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Haynes v. City of Chicago

United States District Court, N.D. Illinois, Eastern Division

October 22, 2014

Jeffrey Haynes, Plaintiff,
City of Chicago, Ed H. Smith, and Mort Levy, Defendants.


THOMAS M. DURKIN, District Judge.

Plaintiff Jeffrey Haynes ("Haynes"), acting pro se, brings this action by way of an amended complaint against the City of Chicago ("The City"), former 28th Ward Alderman Ed Smith ("Smith"), and Mort Levy ("Levy). R. 69. The Court previously dismissed Haynes's complaint for failure to state a claim, but granted him leave to file an amended complaint. R. 59; R. 65. Haynes's amended complaint alleges the same causes of actions contained in his original complaint. Counts I and II allege violations of the Racketeer Influenced and Corrupt Organizations Act (RICO), 18 U.S.C. 1961, et seq. Count III alleges violations of Haynes's Due Process Rights under the 14th Amendment. Counts IV, V, and VI allege various state law causes of action. And Count VII puts forth a Monell claim against the City. See Monell v. Dept. of Soc. Serv., 436 U.S. 658 (1978). R. 69. The City and Smith have filed a motion to dismiss the amended complaint contending that it does not contain new factual allegations that cure the legal deficiencies in Haynes's original complaint and, thus, should be dismissed pursuant to Federal Rule of Civil Procedure 12(b)(6). R. 74. For the following reasons, the Defendant City and Smith's motion to dismiss is granted.


The Court previously provided a detailed recitation of the pertinent facts in its Opinion and Order dated August 12, 2013, and thus presumes familiarity with the background for purposes of this ruling. R. 59. The only additional relevant factual allegations are that Haynes was asked to, and did, give Smith a $1, 000 campaign contribution on February 22, 2007 to secure Smith's support of Haynes's development of the shopping center and grocery store, R. 69 ¶ 73, that Smith solicited a $5, 000 campaign contribution on September 19, 2008, Id. ¶¶ 34-35, and that during a several month period in 2009, Smith repeatedly asked Haynes to host fundraisers for his benefit. Id. ¶ 73.


A Rule 12(b)(6) motion challenges the sufficiency of the amended complaint. See, e.g., Hallinan v. Fraternal Order of Police of Chi. Lodge No. 7 570 F.3d 811, 820 (7th Cir. 2009). A plaintiff's amended complaint "must be enough to raise a right to relief above the speculative level, " Bell Atlantic v. Twombly, 550 U.S. 544, 555 (2007), and "must contain sufficient factual matter, accepted as true, to state a claim to relief that is plausible on its face.'" Ashcroft v. Iqbal, 566 U.S. 662, 678 (2009) (quoting Twombly 550 U.S. at 570). "In evaluating the sufficiency of the amended complaint, [Courts] view it in the light most favorable to the plaintiff, taking as true all well-pleaded factual allegations and making all possible inferences from the allegations in the plaintiff's favor." AnchorBank, FSB v. Hofer, 649 F.3d 610, 614 (7th Cir. 2011). The Court liberally construes pro se amended complaints and holds them to a less stringent standard than pleadings drafted by lawyers. See, e.g., Erickson v. Pardus, 551 U.S. 89, 94 (2007) ( per curiam ); Munson v. Gaetz, 673 F.3d 630, 633 (7th Cir. 2012).


I. RICO (Counts I & II)

Count I of Haynes's amended complaint asserts that Smith violated § 1962(a) of the RICO Act. R. 69 ¶¶ 72-76.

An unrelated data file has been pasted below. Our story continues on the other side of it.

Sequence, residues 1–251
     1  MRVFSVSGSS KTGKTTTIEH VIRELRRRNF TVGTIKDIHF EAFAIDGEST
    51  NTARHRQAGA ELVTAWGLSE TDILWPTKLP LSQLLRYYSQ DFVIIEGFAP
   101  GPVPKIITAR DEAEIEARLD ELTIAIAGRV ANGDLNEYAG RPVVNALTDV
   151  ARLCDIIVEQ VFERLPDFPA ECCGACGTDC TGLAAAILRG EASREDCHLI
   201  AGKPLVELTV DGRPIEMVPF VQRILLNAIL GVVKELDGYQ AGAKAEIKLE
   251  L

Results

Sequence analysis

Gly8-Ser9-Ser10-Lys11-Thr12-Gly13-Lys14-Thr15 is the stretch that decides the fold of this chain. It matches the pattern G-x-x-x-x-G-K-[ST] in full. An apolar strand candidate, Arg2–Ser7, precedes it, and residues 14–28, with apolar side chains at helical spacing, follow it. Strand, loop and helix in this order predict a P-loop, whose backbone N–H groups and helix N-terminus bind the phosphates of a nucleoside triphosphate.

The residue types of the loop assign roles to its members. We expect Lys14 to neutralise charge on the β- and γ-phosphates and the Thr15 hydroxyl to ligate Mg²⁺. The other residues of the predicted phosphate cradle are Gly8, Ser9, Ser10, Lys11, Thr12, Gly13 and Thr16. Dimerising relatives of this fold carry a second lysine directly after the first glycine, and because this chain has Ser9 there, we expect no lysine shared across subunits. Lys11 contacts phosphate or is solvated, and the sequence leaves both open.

Previously the Court dismissed this cause of action for failure to adequately plead the elements of a § 1962(a) violation, namely: the receipt of income which was then used in the operation of a RICO enterprise, and which proximately caused Haynes's injury; and the commission of at least two predicate acts, constituting a "pattern" of racketeering activity. R. 59. Haynes's amended complaint contains additional factual allegations that Smith received income, and that Smith engaged in conduct that could be construed to constitute at least two predicate acts.[1] R. 69 ¶¶ 34-35, 73. However, even if all the new facts alleged by Haynes are true (which the Court assumes for the purposes of a motion to dismiss), Haynes's amended complaint still fails to sufficiently plead the requisite elements of a § 1962(a) violation for the reasons discussed below.

RICO "does not cover all instances of wrongdoing. Rather, it is a unique cause of action that is concerned with eradicating organized, long-term, habitual criminal activity." Gamboa v. Velez, 457 F.3d 703, 705 (7th Cir. 2006); see also Jennings v. Auto Meter Prods., Inc., 495 F.3d 466, 472 (7th Cir. 2007). "RICO has not federalized every state common-law cause of action available to remedy business deals gone sour." Midwest Grinding Co. v. Spitz, 976 F.2d 1016, 1025 (7th Cir. 1992); see also Carr v. Tillery, 591 F.3d 909, 918 (7th Cir. 2010); Dremco, Inc. v. Diver, 2013 WL 1873917, at *3 (N.D. Ill. May 3, 2013).

18 U.S.C § 1962(a) provides, in pertinent part, that:

It shall be unlawful for any person who has received any income derived, directly or indirectly, from a pattern of racketeering activity... to use or invest, directly or indirectly, any part of such income, or the proceeds of such income, in acquisition of any interest in, or the establishment or operation of, any enterprise which is engaged in, or the activities of which affect, interstate or foreign commerce.

Thus, to state a § 1962(a) claim, a plaintiff must adequately allege, among other things, the existence of an enterprise and a pattern of racketeering activity. Vicom Inc. v. Harbridge ...

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